In 2008, he partnered with his dad and sister, Marla, in Marty Feldman Chevrolet in Novi. Today, it is called Feldman Chevrolet of Novi. In July, it was the second-largest Chevy store in the country for new car sales, selling 560 new cars that month, the best month the store has ever had, Feldman said and GM confirmed. His father is now retired.
Feldman’s success led to other brands and here are his stores today:
- Feldman Hyundai of New Hudson
- Feldman 1-800 Preowned Waterford
- Feldman Kia of Novi
- Feldman Chevrolet of New Hudson
- Feldman Chevrolet of Novi
- Feldman Chevrolet of Livonia
- Feldman Chevrolet of Highland
- Feldman Chevrolet of Lansing
- Feldman Chrysler Dodge Jeep Ram of Woodhaven
Feldman’s group of Chevrolet stores sells one of every 70 Chevy vehicles in the country, about 1% of all U.S. Chevrolet sales, a Chevrolet spokesman said.
“Nobody puts more Chevrolets on Michigan roads than Feldman,” Feldman said, who drives a Chevy Tahoe SUV or Jeep Grand Cherokee himself.
When asked who he considers his biggest rival, he said: “Nobody. We compete with ourselves. We slice and dice and look at every metric every day. We look at every nuance to become more successful.”
He said, ‘Yes’
Feldman’s success in the car business intrigued Wahlberg.
So after Feldman had invested in Wahlburgers restaurant in 2017, Wahlberg invited Feldman to come to Boston again, this time to talk cars between filming scenes for “Daddy’s Home 2.”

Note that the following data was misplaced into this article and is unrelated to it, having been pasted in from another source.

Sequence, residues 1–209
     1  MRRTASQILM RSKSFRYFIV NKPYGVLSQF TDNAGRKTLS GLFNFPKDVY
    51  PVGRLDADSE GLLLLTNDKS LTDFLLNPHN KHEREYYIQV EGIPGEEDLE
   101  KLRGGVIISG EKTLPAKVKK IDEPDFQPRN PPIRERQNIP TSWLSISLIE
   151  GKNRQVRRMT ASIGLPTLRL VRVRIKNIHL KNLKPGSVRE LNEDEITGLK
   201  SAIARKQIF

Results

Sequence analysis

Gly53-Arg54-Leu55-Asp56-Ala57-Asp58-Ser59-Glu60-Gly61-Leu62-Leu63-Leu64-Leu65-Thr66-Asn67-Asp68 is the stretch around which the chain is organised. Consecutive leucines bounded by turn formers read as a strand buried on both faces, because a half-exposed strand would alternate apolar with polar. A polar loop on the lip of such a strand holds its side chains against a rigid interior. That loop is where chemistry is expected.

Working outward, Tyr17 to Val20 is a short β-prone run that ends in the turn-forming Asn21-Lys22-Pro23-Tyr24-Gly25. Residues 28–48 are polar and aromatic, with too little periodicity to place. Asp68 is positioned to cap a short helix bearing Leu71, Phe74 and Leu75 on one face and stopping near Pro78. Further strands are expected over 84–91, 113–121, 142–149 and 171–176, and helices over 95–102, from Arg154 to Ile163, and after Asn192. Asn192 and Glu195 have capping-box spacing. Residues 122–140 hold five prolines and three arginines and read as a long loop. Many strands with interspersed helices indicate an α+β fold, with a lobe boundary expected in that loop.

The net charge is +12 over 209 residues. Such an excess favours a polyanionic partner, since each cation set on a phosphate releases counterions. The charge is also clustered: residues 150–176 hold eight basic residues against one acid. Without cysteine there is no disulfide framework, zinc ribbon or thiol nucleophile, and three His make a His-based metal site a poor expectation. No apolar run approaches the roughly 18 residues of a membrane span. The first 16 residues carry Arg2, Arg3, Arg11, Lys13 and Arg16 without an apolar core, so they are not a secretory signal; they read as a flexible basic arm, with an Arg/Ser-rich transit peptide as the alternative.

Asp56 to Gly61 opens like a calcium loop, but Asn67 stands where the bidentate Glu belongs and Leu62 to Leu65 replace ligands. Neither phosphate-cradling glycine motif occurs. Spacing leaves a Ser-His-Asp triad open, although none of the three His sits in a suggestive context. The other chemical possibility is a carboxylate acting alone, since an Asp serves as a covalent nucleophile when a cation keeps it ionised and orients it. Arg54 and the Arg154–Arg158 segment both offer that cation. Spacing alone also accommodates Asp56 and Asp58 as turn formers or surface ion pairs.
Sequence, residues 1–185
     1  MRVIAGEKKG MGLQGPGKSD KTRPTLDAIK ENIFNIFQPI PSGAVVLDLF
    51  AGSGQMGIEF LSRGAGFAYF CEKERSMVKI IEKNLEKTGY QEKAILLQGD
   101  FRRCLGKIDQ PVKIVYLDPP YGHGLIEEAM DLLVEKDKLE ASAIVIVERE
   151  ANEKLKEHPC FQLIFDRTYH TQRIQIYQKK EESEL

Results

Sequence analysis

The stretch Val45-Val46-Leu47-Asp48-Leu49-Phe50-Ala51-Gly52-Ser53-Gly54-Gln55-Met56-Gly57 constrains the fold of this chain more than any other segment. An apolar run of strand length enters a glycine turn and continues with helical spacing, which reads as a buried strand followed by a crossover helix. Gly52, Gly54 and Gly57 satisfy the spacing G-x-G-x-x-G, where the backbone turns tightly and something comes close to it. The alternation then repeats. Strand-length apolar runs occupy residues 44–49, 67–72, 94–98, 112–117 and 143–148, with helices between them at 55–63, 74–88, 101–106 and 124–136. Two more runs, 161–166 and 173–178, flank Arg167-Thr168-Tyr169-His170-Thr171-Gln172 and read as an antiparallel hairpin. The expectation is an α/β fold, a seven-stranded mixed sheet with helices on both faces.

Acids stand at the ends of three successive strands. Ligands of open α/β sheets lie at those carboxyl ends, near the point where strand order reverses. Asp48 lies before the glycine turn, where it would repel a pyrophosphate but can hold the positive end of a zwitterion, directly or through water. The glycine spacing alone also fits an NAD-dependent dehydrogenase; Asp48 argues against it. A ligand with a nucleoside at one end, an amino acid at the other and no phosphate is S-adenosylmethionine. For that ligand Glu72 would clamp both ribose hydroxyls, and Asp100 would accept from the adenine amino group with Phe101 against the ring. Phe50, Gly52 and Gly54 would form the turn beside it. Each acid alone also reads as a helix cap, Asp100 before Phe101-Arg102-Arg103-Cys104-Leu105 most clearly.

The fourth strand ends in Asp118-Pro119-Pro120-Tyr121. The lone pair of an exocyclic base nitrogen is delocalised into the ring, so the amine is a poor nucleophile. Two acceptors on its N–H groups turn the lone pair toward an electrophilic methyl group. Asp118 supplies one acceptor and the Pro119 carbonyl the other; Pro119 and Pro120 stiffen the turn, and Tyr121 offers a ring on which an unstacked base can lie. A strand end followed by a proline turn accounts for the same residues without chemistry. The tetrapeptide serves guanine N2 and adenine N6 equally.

“He was fascinated about the car business,” Feldman said. “I was joking with him and said, ‘We should buy a car dealership together.’ He said, ‘Yeah we should.’ I said, ‘Would you put your name on it?’ He said, ‘Yes.’”
Feldman instantly knew the partnership and Wahlberg’s name on the building would be an unprecedented home run. So in December of that year Feldman headed to Columbus, Ohio, on a tip from a dealership real estate broker, to look at a Chevrolet store. The broker told him, “It’s challenged, but could be successful with a good operator,” words of inspiration to Feldman, who excelled at turning troubled stores around.
Wahlberg was serious and the two started researching the deal in early 2018. They closed on the store in November 2018 and opened Mark Wahlberg Chevrolet in Columbus. The resulting media coverage received 475 million views, including being featured on the TV shows “Ellen” and “Good Morning America.”
“It’s pretty crazy. There’s a little Middle Eastern restaurant adjacent to the dealership and the owner told me his family in the Middle East saw his restaurant in the background of the press conference,” Feldman said. “You’ve seen sports figures that own dealerships, but nobody has ever had an A-list actor with their name on it.”
Since that day, the two have opened more dealerships in the Columbus area:
- Mark Wahlberg Chevrolet of Columbus
- Mark Wahlberg Chevrolet of Worthington
- Mark Wahlberg Airstream & RV
- Mark Wahlberg Buick GMC
The stores employ 298 full-time and part-time workers. Feldman said he expects the four stores will make $304 million in total revenue next year. The Chevrolet stores are second in overall Chevy sales in Columbus, a Chevrolet spokesman said.